INDIANAPOLIS – Mike Hiss, the 1972 Indianapolis 500 Rookie of the Year, died Dec. 19 in Evansville, Ind., following a near-30-year battle with cancer-related issues.

He was 77.

The 6-foot, 2-inch Hiss drove in the Indianapolis 500 four times, his highest finish being the seventh he scored in his rookie year in 1972.

Born in Norwalk, Conn., and schooled in Sarasota, Fla., Hiss was bitten by the racing bug as a boy when his father took him to witness the 12 Hours of Sebring endurance race. He attended college in Deland, Fla., and began his racing career shortly thereafter, driving a Triumph TR3 in Sports Car Club of America competition at Marlboro, Md. During the next half-a-dozen seasons, he competed in Formula A and B, plus Formula 5000 before moving into United States Auto Club National Championship racing in 1972.

Driving an Eagle/Offy for a little, independent team operated by Tom and Mary Page, Hiss placed 10th in his debut in the Phoenix 150 and was seventh in the Trenton 200 before heading to Indianapolis. At the last minute, Andy Granatelli stepped in to sponsor the car, changing its number from 72 to 60 and declaring the car the STP Pylon Windshield Wiper Blade Special.

It was back to the Page Racing No. 72 after that, and after placing sixth in the Pocono 500, Hiss got the break of a lifetime at the expense of another driver.

With Indianapolis 500 winner Mark Donohue sidelined by injuries sustained in a Can-Am accident, team principal Roger Penske needed a driver for the upcoming Ontario 500.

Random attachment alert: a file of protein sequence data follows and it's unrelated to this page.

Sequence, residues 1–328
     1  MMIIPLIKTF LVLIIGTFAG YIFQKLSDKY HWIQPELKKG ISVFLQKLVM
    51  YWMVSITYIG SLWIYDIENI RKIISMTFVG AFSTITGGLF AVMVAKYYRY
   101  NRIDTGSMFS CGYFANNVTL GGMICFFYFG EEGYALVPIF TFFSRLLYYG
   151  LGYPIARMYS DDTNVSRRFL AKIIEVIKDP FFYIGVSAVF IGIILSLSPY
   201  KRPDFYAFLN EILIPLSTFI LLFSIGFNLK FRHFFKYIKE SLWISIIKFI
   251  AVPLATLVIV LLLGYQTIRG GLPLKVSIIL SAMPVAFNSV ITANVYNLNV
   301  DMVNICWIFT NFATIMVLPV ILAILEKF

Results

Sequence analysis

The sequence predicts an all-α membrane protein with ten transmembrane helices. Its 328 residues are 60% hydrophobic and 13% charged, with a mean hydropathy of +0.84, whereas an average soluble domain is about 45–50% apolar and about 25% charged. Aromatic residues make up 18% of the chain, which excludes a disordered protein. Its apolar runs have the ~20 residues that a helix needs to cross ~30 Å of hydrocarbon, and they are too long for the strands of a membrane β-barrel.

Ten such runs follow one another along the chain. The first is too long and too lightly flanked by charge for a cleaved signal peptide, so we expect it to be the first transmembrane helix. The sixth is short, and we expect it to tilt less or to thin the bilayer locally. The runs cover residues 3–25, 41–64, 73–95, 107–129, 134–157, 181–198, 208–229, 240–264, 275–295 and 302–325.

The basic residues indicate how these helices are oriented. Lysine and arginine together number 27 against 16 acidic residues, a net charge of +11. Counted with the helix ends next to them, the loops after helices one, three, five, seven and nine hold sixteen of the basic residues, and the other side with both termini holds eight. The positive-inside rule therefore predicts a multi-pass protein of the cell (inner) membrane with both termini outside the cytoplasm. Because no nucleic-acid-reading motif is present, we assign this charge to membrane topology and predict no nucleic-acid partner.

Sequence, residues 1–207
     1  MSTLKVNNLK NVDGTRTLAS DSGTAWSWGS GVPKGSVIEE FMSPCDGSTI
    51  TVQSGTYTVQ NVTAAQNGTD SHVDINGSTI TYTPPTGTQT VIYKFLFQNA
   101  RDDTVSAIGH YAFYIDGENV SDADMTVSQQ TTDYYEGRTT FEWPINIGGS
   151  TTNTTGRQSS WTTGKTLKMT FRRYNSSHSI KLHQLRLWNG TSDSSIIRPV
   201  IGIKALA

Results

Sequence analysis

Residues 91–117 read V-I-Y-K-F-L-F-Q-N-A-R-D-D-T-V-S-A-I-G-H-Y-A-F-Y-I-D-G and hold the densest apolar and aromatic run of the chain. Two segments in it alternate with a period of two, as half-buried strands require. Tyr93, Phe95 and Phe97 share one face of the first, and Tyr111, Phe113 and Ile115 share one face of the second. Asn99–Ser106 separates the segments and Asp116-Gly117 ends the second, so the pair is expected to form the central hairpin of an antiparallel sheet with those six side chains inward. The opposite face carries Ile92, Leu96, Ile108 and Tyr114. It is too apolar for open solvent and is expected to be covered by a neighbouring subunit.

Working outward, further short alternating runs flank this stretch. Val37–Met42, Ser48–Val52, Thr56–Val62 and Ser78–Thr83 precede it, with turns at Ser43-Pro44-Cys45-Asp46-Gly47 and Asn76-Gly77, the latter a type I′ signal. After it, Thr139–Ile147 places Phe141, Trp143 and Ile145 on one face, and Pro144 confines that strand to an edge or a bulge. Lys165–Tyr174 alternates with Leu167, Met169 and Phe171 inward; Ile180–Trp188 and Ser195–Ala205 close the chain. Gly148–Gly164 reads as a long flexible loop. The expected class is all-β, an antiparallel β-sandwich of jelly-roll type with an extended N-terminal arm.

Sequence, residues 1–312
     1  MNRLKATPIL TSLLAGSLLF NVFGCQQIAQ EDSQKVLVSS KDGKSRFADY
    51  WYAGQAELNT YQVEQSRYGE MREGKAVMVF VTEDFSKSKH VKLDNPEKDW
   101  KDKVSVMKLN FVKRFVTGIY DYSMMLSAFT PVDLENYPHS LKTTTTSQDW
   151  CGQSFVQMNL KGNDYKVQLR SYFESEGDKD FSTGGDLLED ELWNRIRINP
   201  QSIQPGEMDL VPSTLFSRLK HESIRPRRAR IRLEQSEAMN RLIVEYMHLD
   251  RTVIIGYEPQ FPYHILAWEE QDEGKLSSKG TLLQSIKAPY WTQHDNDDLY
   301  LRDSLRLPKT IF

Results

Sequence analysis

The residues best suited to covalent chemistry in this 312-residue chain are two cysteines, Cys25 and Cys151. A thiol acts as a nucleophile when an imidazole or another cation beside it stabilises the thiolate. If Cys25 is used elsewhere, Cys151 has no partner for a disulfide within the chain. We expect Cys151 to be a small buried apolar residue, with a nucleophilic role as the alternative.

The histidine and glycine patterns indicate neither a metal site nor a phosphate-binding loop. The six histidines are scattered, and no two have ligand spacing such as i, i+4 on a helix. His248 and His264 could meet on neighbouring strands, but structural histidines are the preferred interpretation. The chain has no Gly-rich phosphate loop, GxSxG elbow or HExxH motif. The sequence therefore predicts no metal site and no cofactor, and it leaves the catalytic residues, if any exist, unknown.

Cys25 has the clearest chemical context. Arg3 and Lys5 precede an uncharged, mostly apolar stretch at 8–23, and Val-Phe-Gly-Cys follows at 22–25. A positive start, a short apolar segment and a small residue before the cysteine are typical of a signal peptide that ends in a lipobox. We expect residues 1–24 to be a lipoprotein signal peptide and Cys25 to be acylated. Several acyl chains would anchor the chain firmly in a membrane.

Hiss got the call, and he went on to finish a most impressive second behind Roger McCluskey, thus scoring his best National Championship race finish. From there, he wound up sixth in the final standings and added the USAC National Championship Rookie of the Year honors to his resume.

Just to underline his versatility, he finished the 1972 season in the final Can-Am race of the year at Riverside and finished seventh.

Hiss placed in the top 10 a half-a-dozen times for Fred Gerhardt’s team in 1973, topped by a pair of third-place finishes, but then found himself “looking for a ride” for 1974.

Donohue had recently retired as a driver (this would last about six months), and Team Penske was about to announce Donohue’s successor as Peter Revson after four seasons with Team McLaren. By this time, Penske was in the developing stages of entering the Formula One arena and since this would not come until near the end of the season, Revson was cleared to drive in F-1 in the meantime for the Don Nichols UOP Shadow team.

But tragedy was right around the corner. Revson never had a single start for Shadow, crashing fatally during a private test session in South Africa.

The Penske press announcements concerning the hiring of Revson were already to go when the accident occurred.

Penske needed a driver, and once again, Hiss got the call.